After placement I remember suddenly realizing how little time we had left. Everyday became a scramble to enjoy myself to the fullest and to mentally note and remark upon every tiny detail so that they became like framed plaques on walls. So that whenever I heard the word 'College' I would remember those days first, the days of excess and abandon, spent in playing AOE or drinking or sleeping. However, that is not a true picture. I'm growing to believe that near the threshold of ever major change in life, I tend to distrust and fear the future. Finding shelter in those 'plaque' memories, I tend to hide my face from the fact that even in college, during boring lectures, on hot days, on days of water scarcity, while commuting back home after exams etc I used to hate college. Especially in my first semester. I missed my school life and again formed 'framed-plaque memories' of my last days of school. If I'd been more accepting and open minded then, I believe I'd have been better adjusted more earlier. Thus this time, I decide not to be scared of what's to come. I'll face whatever it is with optimism and positivity and preserve my memories as they are, as reminiscences and not refuges.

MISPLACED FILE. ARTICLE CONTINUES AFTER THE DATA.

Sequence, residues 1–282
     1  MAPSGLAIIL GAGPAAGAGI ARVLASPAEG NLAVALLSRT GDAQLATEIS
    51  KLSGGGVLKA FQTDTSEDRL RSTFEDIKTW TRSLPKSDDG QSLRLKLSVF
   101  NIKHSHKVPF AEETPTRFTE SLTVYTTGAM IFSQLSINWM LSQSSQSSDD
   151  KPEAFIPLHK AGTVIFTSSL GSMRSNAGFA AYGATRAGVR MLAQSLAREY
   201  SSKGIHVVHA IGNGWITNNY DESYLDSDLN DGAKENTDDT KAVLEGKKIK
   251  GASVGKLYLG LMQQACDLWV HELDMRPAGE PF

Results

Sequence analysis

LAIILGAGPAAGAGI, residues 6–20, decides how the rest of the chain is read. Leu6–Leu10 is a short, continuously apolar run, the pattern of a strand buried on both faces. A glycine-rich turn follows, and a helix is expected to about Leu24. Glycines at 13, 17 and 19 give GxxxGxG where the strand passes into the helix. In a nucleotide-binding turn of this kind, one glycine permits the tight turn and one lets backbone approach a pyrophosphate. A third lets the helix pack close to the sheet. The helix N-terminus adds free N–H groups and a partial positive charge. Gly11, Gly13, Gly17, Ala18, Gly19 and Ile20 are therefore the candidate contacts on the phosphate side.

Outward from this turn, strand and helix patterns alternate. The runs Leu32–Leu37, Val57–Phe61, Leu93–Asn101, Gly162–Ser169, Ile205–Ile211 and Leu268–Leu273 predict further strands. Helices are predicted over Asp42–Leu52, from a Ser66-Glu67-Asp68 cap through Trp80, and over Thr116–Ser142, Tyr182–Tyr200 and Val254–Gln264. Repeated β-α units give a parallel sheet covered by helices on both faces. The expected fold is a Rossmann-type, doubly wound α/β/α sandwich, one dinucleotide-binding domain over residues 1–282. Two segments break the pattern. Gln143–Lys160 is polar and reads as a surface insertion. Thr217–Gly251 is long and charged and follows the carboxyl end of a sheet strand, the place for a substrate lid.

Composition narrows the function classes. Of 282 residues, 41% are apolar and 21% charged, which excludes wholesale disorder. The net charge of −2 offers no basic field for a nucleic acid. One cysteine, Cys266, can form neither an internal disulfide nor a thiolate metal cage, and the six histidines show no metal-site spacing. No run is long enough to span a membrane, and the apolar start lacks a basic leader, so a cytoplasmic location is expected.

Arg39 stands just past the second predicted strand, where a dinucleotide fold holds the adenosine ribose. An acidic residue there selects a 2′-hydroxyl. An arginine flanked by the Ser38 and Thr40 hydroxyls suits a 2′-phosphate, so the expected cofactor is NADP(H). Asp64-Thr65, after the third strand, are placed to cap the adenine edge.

Comments

  1. DCE, of course. I have a special connection to the place, you'll soon find out. I even had tea and samosas in that mech canteen one "fest night" :P

    I'm stuck in college for another year and I swear to God, I can't wait to feel nostalgic about it. Familiarity breeds contempt. With me, especially familiarity of a place.

    ReplyDelete
  2. DCE? We seem to have mutual friends oddly. Interesting. I'd like your take on it. Will be interesting.

    ReplyDelete